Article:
From the Department of Science, Innovation & Technology

Taking a systems approach to Science & Technology


The Rt Hon The Rt Hon Michelle Donelan MP, Secretary of State at the Department for Science, Innovation and Technology

In an increasingly competitive world, we find ourselves facing new challenges in keeping our nation secure, our people prosperous, and our planet healthy.

Britain has a long history of leadership and innovation, from the steam engine to the World Wide Web, that has brought growth and prosperity to both our nation and the world. As we look towards the future, investment in science and technology is more important than ever. It is at the heart of the Prime Minister's priorities: halving inflation to ease the cost of living and provide people with financial security, building a stronger economy with better jobs, and ensuring that NHS waiting lists will fall and people will get the care they need more quickly.

Despite our relative size, Britain outperforms our closest competitors and we are a main challenger nation to the US and China in many areas. We have four of the world's top ten universities and a technology sector worth over one trillion dollars. If you put together just eight of our university towns, they are home to more billion-dollar unicorn start-ups than the whole of France and Germany combined.

However, when others – France and Germany among them – are moving further and faster to invest in science and technology, we have got to do the same.

That is why we have created the Department for Science, Innovation, and Technology, focussing our best minds around a single mission: becoming the most innovative economy in the world.

We will do this by ensuring that Britain as a Science and Technology Superpower does not just challenge the rankings, but translates the benefits of that position into material benefits for British people.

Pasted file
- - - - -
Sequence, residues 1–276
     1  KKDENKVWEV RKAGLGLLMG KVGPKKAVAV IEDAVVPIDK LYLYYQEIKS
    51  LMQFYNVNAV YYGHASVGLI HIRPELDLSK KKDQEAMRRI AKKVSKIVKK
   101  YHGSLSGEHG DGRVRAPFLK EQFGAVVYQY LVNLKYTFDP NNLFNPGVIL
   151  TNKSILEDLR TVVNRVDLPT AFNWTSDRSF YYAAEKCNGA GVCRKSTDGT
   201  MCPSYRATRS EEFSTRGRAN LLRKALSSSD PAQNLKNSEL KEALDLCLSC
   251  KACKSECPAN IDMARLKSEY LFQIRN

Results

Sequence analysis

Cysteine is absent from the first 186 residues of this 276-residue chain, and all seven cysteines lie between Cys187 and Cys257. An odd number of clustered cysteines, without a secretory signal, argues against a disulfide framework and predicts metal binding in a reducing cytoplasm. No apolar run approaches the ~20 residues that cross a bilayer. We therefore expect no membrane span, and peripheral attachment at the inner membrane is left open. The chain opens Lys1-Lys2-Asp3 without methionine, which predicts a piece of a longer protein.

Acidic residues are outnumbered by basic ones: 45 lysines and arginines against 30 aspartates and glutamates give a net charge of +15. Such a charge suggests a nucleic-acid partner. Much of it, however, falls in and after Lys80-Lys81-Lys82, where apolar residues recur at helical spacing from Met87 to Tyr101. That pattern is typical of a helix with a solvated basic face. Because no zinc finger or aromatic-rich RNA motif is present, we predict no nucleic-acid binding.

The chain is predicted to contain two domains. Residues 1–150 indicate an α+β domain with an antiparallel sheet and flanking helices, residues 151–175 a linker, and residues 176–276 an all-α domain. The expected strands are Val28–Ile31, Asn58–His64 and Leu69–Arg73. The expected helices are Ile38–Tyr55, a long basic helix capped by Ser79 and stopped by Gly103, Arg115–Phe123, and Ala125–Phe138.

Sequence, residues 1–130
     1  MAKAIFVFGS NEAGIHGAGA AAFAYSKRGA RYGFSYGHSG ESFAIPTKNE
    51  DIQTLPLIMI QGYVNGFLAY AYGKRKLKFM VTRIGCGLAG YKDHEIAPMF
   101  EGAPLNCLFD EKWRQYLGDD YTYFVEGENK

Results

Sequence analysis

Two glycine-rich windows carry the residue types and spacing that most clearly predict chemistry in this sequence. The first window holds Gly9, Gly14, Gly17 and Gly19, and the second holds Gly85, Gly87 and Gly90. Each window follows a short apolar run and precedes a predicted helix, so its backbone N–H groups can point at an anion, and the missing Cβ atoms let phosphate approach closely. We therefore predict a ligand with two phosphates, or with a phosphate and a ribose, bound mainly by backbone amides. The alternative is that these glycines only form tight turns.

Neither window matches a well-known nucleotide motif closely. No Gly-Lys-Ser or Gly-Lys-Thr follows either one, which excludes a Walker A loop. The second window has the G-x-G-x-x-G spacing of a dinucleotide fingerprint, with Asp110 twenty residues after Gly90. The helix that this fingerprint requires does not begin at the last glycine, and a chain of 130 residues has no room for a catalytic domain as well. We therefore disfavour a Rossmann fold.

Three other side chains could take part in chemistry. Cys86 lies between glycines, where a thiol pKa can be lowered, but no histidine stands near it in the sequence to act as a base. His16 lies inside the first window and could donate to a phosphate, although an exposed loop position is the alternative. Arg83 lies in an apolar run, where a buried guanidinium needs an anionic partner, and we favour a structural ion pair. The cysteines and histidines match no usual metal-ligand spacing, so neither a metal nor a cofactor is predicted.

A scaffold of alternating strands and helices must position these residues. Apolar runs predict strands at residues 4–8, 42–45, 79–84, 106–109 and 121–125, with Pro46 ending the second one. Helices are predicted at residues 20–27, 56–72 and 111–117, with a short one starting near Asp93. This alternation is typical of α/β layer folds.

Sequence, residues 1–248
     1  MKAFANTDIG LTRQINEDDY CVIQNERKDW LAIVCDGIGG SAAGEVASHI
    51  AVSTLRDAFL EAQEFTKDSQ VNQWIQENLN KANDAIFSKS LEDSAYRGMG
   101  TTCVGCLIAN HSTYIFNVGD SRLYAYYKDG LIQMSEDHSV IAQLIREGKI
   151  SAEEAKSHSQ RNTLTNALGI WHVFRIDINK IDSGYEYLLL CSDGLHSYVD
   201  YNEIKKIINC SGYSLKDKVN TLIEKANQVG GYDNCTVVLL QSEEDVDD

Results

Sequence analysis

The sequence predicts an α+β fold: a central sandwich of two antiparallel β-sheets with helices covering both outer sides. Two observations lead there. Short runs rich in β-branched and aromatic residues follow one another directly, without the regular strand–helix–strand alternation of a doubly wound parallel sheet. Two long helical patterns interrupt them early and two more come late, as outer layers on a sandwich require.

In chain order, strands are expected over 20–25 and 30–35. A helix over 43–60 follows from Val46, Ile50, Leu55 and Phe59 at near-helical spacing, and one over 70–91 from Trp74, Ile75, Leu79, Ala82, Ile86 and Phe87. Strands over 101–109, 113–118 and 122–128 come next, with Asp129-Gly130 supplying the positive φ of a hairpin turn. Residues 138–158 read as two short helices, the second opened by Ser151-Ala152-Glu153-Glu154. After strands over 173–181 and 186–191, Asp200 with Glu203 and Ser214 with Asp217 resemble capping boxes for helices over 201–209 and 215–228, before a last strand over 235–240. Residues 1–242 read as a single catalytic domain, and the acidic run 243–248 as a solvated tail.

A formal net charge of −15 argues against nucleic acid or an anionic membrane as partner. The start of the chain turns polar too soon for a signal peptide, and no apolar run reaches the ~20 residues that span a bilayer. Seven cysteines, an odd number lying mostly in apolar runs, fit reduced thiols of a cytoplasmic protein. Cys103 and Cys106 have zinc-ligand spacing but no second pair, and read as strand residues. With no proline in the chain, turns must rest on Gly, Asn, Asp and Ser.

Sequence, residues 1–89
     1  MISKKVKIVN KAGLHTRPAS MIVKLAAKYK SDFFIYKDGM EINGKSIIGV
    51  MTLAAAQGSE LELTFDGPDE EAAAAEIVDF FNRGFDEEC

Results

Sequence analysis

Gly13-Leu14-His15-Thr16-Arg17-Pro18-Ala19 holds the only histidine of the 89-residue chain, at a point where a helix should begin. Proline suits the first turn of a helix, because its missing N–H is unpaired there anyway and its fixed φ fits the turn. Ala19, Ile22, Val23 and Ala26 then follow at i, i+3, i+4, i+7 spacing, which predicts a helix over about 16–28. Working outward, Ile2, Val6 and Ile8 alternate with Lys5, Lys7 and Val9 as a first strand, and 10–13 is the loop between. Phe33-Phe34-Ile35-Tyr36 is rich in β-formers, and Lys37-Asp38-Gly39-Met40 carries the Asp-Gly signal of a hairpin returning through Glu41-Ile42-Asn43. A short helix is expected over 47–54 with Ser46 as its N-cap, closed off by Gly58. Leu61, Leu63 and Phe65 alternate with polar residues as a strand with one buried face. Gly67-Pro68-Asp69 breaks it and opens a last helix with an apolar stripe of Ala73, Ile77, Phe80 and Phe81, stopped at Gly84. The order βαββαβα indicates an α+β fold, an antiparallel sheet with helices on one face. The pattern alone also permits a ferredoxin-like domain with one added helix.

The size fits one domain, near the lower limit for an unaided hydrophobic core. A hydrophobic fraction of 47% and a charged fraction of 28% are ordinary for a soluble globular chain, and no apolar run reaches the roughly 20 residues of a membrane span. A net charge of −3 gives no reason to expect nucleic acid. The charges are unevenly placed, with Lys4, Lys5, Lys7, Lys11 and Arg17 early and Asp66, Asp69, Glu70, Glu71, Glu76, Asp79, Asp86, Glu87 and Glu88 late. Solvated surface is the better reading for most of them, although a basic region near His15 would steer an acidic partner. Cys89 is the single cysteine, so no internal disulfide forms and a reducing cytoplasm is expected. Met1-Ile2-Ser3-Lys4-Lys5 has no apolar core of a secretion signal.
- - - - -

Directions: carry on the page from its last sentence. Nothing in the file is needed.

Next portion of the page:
Because a better future will be driven by Britain’s boldest businesses, whether that means using artificial intelligence to predict when equipment or machinery is likely to fail, allowing for proactive maintenance, reducing downtime, or the use of quantum computers to discover new life-saving drugs.

The Science and Technology Framework is a strategic vision which sets out ten key actions to achieve this goal by 2030. We must attract the best talent from around the world, build a skilled workforce for tomorrow's industries, provide infrastructure and investment to bring technologies to market, and encourage a regulatory environment that supports innovation.

This is an ambitious plan, and we will use every lever in government to deliver it, working closely with industry and academia leaders from both Britain and the world. Each lead department has been developing action plans so we can meet our strategic goals – a flavour of these plans is shared in the framework and any future policies in these areas will need to drive forward our strategy. My department will ensure we are working together to deliver and become a Science and Technology Superpower by 2030.

Our Department will be driven by a relentless focus on tangible improvements that matter to communities across the country, growing the economy and improving public services to help British people live longer, smarter, healthier, and happier lives.